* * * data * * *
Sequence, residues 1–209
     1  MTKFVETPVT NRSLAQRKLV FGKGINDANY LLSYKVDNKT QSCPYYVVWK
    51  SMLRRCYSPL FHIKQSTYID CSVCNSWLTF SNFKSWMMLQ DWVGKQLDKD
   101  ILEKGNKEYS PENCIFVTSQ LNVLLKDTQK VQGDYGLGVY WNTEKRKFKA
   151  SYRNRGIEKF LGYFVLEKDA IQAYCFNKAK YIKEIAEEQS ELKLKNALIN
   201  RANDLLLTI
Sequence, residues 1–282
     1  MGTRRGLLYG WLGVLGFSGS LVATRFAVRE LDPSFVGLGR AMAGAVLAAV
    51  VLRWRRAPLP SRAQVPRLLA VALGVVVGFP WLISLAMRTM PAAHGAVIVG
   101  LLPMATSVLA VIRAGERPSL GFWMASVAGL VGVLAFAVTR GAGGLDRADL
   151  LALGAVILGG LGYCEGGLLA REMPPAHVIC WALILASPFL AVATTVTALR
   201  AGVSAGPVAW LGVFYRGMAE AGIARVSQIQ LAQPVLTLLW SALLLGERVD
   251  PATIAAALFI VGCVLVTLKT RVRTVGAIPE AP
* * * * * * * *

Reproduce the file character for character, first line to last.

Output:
Sequence, residues 1–209
     1  MTKFVETPVT NRSLAQRKLV FGKGINDANY LLSYKVDNKT QSCPYYVVWK
    51  SMLRRCYSPL FHIKQSTYID CSVCNSWLTF SNFKSWMMLQ DWVGKQLDKD
   101  ILEKGNKEYS PENCIFVTSQ LNVLLKDTQK VQGDYGLGVY WNTEKRKFKA
   151  SYRNRGIEKF LGYFVLEKDA IQAYCFNKAK YIKEIAEEQS ELKLKNALIN
   201  RANDLLLTI
Sequence, residues 1–282
     1  MGTRRGLLYG WLGVLGFSGS LVATRFAVRE LDPSFVGLGR AMAGAVLAAV
    51  VLRWRRAPLP SRAQVPRLLA VALGVVVGFP WLISLAMRTM PAAHGAVIVG
   101  LLPMATSVLA VIRAGERPSL GFWMASVAGL VGVLAFAVTR GAGGLDRADL
   151  LALGAVILGG LGYCEGGLLA REMPPAHVIC WALILASPFL AVATTVTALR
   201  AGVSAGPVAW LGVFYRGMAE AGIARVSQIQ LAQPVLTLLW SALLLGERVD
   251  PATIAAALFI VGCVLVTLKT RVRTVGAIPE AP